Regional & Cross-Cutting

Beyond country level activities, the ADP has enabled South-South learning and exchange through regional activities and workshops in Africa and Asia and is helping to build a robust knowledge base on the introduction of new health technologies related to TB, malaria and NTDs.

Enabling South-South learning

In Year 2, the ADP organized a number of regional activities as a means of enabling South-South exchanges and learning between countries in the two regions. Given that growing numbers of LMICs have been able to implement innovative approaches in issues such as policy coherence, improving local production, implementation research and health technology assessment, the regional meetings and workshops facilitated fruitful discussion and sharing of a cross-section of experiences, strategies and good practices. The regional meetings provided a useful forum to share information on the ADP’s approach, which has generated demand for technical support and knowledge products within ADP focus countries and beyond.

Furthermore, in light of constraints around human and financial resources in LMICs, the regional meetings were valuable in strengthening communication, collaboration and technical and learning networks, among high- level policy makers and technical experts across national, regional and international levels. Members of these networks were able to identify common priorities and needs, which promoted a more integrated approach towards decision making on matters impacting public health innovation and access to health technologies.

In partnership with the Ministry of Foreign Affairs of Indonesia and the Non-Aligned Movement Centre for South-South Technical Cooperation (NAM CSSTC), the ADP supported a workshop in November 2014 with over 70 policy makers from agencies of health, trade and foreign affairs from member states of the Association of South East Asian Nations (ASEAN). This workshop built greater awareness among policy makers of the implications of existing health policies, and trade and investment agreements, on innovation and access to medical technologies; and promoted a better understanding of the intersections of these issues at the global, regional and national levels. Furthermore, the workshop provided a forum for ASEAN policy makers to explore the possibility of a regional approach within ASEAN to address the challenges to innovation in public health and equitable access to medical technologies; which prompted participants to identify opportunities for improved collaboration across sectors for a more integrated approach towards decision making and key strategic areas for possible South-South exchange and collaboration relating to access and delivery.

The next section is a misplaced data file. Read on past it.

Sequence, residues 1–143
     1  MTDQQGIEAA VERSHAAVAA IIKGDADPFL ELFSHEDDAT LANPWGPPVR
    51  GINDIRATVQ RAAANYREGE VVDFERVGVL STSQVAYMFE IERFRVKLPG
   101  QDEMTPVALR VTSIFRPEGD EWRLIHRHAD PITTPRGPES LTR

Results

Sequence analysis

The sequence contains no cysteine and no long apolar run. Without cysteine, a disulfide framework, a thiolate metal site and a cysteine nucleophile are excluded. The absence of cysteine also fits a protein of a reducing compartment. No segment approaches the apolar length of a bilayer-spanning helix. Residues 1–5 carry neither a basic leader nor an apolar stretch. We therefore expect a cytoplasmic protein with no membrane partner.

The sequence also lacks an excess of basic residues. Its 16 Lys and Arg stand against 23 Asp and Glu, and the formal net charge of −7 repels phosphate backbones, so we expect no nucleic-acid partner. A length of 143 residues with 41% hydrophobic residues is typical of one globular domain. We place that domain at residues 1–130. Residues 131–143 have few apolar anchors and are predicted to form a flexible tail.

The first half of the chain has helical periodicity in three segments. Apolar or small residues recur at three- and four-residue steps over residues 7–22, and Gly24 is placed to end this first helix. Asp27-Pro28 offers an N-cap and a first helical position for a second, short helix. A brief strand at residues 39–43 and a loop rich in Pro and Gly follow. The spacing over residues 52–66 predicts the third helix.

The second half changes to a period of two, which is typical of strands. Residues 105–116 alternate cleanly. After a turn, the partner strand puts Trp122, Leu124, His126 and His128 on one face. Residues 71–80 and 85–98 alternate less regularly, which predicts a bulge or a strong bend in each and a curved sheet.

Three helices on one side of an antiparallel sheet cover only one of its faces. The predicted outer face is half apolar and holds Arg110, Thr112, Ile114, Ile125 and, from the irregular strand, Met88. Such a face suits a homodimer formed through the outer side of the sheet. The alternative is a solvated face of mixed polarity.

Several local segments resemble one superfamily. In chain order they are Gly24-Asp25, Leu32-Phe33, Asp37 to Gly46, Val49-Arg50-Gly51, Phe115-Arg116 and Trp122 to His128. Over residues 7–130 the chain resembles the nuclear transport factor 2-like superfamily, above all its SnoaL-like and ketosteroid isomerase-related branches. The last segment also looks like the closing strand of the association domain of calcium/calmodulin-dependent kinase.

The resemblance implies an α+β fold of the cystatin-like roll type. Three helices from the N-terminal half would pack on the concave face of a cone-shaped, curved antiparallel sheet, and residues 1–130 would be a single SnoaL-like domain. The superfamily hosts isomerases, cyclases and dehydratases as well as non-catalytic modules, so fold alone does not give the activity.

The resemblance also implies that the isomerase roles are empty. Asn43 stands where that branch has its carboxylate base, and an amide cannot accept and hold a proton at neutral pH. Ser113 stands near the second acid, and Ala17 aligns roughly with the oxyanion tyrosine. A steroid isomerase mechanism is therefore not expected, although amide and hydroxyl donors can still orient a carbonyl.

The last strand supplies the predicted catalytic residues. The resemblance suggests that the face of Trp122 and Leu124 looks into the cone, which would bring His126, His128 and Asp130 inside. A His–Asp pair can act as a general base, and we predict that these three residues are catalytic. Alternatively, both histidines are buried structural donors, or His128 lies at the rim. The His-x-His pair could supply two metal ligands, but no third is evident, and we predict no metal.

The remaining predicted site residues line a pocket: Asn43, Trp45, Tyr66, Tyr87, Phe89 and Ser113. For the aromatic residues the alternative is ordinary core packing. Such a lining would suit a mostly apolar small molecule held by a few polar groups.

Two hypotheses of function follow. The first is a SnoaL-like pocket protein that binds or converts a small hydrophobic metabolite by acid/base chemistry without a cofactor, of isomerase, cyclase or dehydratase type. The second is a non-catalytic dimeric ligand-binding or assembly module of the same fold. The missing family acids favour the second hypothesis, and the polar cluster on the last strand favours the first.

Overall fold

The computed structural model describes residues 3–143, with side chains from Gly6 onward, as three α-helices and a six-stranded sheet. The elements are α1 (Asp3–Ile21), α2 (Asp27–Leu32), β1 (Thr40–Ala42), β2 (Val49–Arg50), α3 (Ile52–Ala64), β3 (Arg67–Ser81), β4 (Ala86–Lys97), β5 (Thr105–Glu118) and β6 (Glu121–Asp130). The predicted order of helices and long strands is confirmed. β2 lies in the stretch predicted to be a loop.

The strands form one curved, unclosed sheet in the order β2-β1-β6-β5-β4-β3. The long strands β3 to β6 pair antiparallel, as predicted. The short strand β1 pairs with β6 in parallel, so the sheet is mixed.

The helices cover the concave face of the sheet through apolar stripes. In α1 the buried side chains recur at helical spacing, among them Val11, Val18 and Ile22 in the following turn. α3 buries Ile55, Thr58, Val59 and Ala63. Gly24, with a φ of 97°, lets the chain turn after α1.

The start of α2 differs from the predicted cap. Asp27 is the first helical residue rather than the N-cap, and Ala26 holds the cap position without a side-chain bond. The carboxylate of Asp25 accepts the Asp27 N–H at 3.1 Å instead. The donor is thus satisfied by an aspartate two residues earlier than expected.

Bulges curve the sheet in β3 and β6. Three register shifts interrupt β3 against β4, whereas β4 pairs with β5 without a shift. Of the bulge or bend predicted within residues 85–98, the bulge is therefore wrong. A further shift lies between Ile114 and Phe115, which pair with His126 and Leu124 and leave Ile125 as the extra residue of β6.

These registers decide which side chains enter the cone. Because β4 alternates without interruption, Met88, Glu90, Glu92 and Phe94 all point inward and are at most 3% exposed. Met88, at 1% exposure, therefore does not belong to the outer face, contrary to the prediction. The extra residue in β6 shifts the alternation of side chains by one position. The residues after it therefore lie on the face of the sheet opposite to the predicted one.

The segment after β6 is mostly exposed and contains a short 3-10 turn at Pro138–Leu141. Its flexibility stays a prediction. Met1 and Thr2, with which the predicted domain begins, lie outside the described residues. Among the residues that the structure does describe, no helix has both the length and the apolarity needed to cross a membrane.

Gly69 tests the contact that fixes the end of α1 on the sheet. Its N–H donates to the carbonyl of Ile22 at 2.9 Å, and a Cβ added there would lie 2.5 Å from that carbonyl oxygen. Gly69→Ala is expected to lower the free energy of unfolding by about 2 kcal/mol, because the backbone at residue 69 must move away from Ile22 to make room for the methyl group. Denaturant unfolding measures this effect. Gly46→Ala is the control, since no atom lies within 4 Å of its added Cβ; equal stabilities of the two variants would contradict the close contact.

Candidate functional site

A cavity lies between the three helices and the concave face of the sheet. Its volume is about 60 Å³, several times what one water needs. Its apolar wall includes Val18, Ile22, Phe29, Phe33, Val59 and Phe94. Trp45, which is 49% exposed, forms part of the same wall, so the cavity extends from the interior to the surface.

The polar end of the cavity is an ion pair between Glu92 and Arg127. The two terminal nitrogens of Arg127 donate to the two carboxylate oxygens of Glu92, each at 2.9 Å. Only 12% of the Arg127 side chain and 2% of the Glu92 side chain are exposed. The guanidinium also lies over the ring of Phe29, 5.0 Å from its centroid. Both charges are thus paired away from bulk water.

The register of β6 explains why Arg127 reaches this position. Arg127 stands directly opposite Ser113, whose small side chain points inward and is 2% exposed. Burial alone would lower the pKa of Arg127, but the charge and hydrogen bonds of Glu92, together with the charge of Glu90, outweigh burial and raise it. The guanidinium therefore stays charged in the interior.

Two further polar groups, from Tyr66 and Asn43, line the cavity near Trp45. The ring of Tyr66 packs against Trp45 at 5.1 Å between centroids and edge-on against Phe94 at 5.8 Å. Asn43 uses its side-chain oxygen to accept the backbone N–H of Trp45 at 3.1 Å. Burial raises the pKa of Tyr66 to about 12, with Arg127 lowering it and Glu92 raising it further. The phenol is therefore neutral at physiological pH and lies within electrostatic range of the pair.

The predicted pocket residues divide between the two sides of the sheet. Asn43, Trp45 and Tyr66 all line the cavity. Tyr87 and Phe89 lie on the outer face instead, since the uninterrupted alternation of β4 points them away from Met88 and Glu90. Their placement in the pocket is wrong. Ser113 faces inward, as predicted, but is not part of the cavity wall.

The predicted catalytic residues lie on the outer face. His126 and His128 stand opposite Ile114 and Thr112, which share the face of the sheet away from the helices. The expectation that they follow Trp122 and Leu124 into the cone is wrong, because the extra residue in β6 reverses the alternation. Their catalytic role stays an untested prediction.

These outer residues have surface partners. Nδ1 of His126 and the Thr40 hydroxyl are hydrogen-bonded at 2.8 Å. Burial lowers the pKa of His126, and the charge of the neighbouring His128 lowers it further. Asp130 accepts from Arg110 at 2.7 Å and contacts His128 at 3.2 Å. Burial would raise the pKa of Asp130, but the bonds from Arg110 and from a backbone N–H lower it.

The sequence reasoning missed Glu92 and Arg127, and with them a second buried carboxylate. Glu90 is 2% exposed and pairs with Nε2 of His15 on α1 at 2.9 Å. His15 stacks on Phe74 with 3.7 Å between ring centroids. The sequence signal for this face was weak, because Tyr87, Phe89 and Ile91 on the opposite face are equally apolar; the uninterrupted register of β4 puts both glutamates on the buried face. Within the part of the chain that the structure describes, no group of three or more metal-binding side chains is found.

In May 2015, as a follow-up to the ASEAN-NAM meeting, the ADP organized a regional consultation in Bangkok, Thailand on integrating public health considerations into innovation and industrial frameworks in LMICs. The meeting brought together 30 participants from China, Indonesia, Malaysia, Thailand and Vietnam. Based on a guideline produced by the ADP, the consultation meeting strengthened the technical and decision-making capacities of technical officers from health ministries and drug regulatory authorities to ensure appropriate balance of public health priorities and the promotion of innovation.

An African regional meeting on promoting policy coherence for innovation in and access to health technologies took place in April 2015 in Addis Ababa, Ethiopia. Working in partnership with the UNDP Regional Centre for Africa and the African Union Commission, this meeting brought together over 90 delegates from 12 Anglophone countries in sub-Saharan Africa. Participants included high-level government representatives from multiple sectors, including health and drug regulation, trade and industry, science and technology, finance and business, and foreign affairs, as well as representatives from academia, research institutes and regional bodies. The involvement of stakeholders from multiple sectors enhanced understanding of the need for alignment within policy and legal frameworks to ensure innovation for, and access to, new health technologies.